Futura is the fully developed prototype of the twentieth century Geometric Sanserif. The form is ancient, Greek capitals being inscribed by the Cretans twenty-five hundred years ago at the time of Pythagoras in the Gortyn Code, by the Imperial Romans, notably in the tomb of the Scipios, by classical revival architects in eighteenth century London, which formed the basis for Caslon’s first sanserif typeface in 1817.
Some aspects of the Geometric sanserif survived in the flood of Gothics that followed, particularly in the work of Vincent Figgins.
In 1927, stimulated by the Bauhaus experiments in geometric form and the Ludwig & Mayer typeface Erbar, Paul Renner sketched a set of Bauhaus forms; working from these, the professional letter design office at Bauer reinvented the sanserif based on strokes of even weight, perfect circles and isosceles triangles and brought the Universal Alphabet and Erbar to their definitive typographic form. Futura became the most popular sanserif of the middle years of the twentieth century.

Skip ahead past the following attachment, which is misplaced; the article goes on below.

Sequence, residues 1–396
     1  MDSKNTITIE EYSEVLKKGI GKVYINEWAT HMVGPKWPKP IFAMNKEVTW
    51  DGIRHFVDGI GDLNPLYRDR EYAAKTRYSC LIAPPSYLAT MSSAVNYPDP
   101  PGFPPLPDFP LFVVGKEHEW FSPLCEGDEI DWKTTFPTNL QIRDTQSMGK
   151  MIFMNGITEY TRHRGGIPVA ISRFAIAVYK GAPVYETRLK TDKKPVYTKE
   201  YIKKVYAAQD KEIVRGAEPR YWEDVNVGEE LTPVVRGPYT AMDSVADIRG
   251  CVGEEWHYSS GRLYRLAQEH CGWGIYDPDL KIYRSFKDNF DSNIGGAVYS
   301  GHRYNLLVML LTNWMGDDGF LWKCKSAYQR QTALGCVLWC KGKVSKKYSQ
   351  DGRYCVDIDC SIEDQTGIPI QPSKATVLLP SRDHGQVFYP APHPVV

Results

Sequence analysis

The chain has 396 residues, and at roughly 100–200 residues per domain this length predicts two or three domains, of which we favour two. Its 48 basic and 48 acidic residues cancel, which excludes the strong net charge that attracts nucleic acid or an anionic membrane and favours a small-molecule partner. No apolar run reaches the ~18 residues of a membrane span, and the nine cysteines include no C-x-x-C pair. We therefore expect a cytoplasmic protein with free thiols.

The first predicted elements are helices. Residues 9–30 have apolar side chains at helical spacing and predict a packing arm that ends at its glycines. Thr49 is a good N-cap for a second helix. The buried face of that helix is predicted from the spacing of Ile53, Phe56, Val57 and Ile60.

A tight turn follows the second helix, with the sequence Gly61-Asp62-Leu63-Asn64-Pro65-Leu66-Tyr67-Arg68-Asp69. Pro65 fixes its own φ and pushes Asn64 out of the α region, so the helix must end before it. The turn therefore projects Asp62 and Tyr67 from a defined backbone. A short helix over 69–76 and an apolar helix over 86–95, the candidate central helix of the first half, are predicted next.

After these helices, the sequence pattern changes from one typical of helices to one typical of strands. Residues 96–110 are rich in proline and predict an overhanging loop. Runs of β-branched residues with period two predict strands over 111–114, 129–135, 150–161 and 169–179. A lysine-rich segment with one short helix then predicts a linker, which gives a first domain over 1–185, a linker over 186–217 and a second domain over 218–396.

Futura Font Free
Ironically, given its generic past, Futura is the only typeface to have been granted registration under copyright as an original work of art, and, further irony, given the key part played by the Bauer letter design office, the full copyright belongs to Renner and his heirs.
This decision in a Frankfurt court implies that a further small group of older typefaces may also be covered by copyright in Germany, particularly those designed for Stempel by Hermann Zapf.
This situation appears to be limited to this small group of faces in this one country, although protection of designers’ rights in newer typefaces is now possible in France and Germany through legislation deriving from the 1973 Vienna Treaty for the protection of typefaces.
Mergenthaler’s Spartan is a close copy of Futura; Ludlow’s Tempo is less close.
Functional yet friendly, logical yet not overintellectual, German yet anti-Nazi… with hindsight the choice of Futura as Volkswagen’s ad font since the 1960s looks inevitable.